Anticipate Conflict in the Workplace

Anticipate Conflict in the WorkplaceThere is no way to prevent conflict in the workplace, not that you’d want to.  Conflict, while sometimes uncomfortable, can lead to innovation, creativity and collaboration.  But good things don’t necessarily stem from conflict automatically, especially in the workplace.  In order to reap the benefits conflict offers and avoid the toxic side effects that can often result, a proactive strategy is required to anticipate unhealthy conflict and prepare for it in advance.

In the work environment, these preemptive approaches are detailed in relationship contracts.

Relationship contracts present myriad benefits to professional partnerships: they outline expectations and commitments; they determine communication frequency and timelines; they establish conflict protocol.

The greatest advantage to conflict protocol is that it helps prevent issues from becoming personal.  A well thought out approach includes well defined boundaries and an agreed-to plan on how to overcome obstacles and missed expectations.  Once that is handled effectively, working relationships can strengthen, solutions can emerge, and creativity can blossom.

Here are 5 elements of conflict management that should be included in every professional relationship contract:

  1. Ground Rules:  This is the part where expectations are detailed. What activities are the involved parties committing to? What is the time frame in which these activities are expected to be performed?  What outside resources or circumstances (people, technology, schedules) impact these commitments?  This contract element is the foundation of the agreement, so don’t rush it. Take time to carefully consider roles, responsibilities, and time frames.  Use as much detail as possible and eliminate as many assumptions as possible. This will give you a fighting chance at eliminating unhealthy conflict in the workplace.
  2. Identification: How will you recognize if commitments are being upheld? Sometimes, it’s as simple as seeing a report at a specified time, or confirming a workflow is proceeding at the anticipated pace. But many responsibilities are not as easily observable, such as monitoring performance or maintaining relationships. So decide how the success of those activities can be measured.
  3. Communication:  Just as important as identifying how commitments are kept or not is the method in which those observations are related. If you agree to have a report filed by 10 A.M.  on Monday mornings, do you want a personal  office visit at 10:01 should that deadline be missed? Or will an email later in the morning or afternoon work better? Some people prefer all negative feedback to be delivered face-to-face, others may find that method unsettling. Many people, regardless of good or bad news, prefer texts or emails, or phone conversations. Just work out how and when communications will be exchanged.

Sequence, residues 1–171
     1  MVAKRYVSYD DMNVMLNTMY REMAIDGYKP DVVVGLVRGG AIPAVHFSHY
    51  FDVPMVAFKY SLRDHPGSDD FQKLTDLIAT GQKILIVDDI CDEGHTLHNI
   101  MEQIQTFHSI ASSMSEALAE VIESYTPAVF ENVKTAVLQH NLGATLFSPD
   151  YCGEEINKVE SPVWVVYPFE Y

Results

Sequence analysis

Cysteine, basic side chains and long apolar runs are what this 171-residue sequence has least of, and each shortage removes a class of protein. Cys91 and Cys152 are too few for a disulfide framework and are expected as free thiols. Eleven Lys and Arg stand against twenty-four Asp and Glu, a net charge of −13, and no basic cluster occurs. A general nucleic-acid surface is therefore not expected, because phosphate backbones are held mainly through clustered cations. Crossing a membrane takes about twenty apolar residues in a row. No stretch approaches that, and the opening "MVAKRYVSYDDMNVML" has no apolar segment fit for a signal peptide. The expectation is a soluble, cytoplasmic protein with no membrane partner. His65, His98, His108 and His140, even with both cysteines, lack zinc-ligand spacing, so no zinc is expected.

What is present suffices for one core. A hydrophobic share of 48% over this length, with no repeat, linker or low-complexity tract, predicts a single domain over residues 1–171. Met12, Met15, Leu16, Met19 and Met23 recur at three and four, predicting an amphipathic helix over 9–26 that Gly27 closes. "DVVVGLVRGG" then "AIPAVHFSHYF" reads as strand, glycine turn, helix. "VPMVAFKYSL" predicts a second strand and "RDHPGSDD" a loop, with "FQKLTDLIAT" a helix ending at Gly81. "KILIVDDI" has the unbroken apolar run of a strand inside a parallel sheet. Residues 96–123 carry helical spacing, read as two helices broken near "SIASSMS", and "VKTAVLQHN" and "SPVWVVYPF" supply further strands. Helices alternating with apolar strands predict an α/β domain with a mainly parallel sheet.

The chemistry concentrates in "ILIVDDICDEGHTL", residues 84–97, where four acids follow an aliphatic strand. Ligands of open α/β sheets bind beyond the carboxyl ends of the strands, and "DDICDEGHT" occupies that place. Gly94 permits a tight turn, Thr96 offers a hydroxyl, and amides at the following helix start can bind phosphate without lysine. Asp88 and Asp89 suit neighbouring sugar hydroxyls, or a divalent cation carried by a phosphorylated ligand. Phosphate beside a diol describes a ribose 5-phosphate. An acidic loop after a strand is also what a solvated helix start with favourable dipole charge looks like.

4. Negotiation: This is really the part that deals with conflict in the workplace. You have laid a foundation of expectations and agreements; you’ve established checkpoints and activity identification, and even how and when you will communicate. This is when it all comes together.  There is a problem.  Someone has broken an agreement.  Someone had missed a deadline. Someone has failed to communicate effectively. Now what?  A good start is to agree from the beginning that you will both make efforts to keep the focus on the problem, not the individual. What went wrong? Was it a communication failure or mechanical problem? How do you help mitigate this type of issue in the future? Does a change need to be made in a process? Was a commitment or timeline unreasonable in hindsight? Does your initial relationship contract need to be readdressed? What if you can’t come to a resolution? Will you call in a mediator, and if so, who? How will you know it is time to pull in outside help?
  5. Resolution: Now that you’ve decided how to get back on course, be sure to meet your new commitments.  Make the resolution meaningful. If you’ve agreed to new communication methods – employ them. If you have decided the relationship contract needs modification – modify it. Move forward and analyze the results. Don’t hold grudges or hang onto any negativity if you want to end conflict in the workplace. If a solution has been agreed upon, give it every chance to succeed.